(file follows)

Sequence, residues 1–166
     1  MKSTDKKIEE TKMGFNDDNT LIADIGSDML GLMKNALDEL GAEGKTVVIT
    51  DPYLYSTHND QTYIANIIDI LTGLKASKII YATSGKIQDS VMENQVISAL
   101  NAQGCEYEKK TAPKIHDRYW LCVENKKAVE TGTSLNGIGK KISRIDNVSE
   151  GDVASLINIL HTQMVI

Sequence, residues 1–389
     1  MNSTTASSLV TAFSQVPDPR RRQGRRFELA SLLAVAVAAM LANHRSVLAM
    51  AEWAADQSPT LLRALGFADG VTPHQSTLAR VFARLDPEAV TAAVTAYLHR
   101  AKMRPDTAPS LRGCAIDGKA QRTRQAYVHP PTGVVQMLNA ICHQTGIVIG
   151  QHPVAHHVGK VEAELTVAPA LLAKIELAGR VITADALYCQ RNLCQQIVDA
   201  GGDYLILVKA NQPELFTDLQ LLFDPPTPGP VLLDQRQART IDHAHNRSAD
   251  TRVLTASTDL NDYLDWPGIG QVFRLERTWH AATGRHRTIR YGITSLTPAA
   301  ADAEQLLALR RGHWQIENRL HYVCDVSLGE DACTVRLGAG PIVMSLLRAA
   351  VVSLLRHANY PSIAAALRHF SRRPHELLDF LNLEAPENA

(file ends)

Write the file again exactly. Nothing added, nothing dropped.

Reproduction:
Sequence, residues 1–166
     1  MKSTDKKIEE TKMGFNDDNT LIADIGSDML GLMKNALDEL GAEGKTVVIT
    51  DPYLYSTHND QTYIANIIDI LTGLKASKII YATSGKIQDS VMENQVISAL
   101  NAQGCEYEKK TAPKIHDRYW LCVENKKAVE TGTSLNGIGK KISRIDNVSE
   151  GDVASLINIL HTQMVI

Sequence, residues 1–389
     1  MNSTTASSLV TAFSQVPDPR RRQGRRFELA SLLAVAVAAM LANHRSVLAM
    51  AEWAADQSPT LLRALGFADG VTPHQSTLAR VFARLDPEAV TAAVTAYLHR
   101  AKMRPDTAPS LRGCAIDGKA QRTRQAYVHP PTGVVQMLNA ICHQTGIVIG
   151  QHPVAHHVGK VEAELTVAPA LLAKIELAGR VITADALYCQ RNLCQQIVDA
   201  GGDYLILVKA NQPELFTDLQ LLFDPPTPGP VLLDQRQART IDHAHNRSAD
   251  TRVLTASTDL NDYLDWPGIG QVFRLERTWH AATGRHRTIR YGITSLTPAA
   301  ADAEQLLALR RGHWQIENRL HYVCDVSLGE DACTVRLGAG PIVMSLLRAA
   351  VVSLLRHANY PSIAAALRHF SRRPHELLDF LNLEAPENA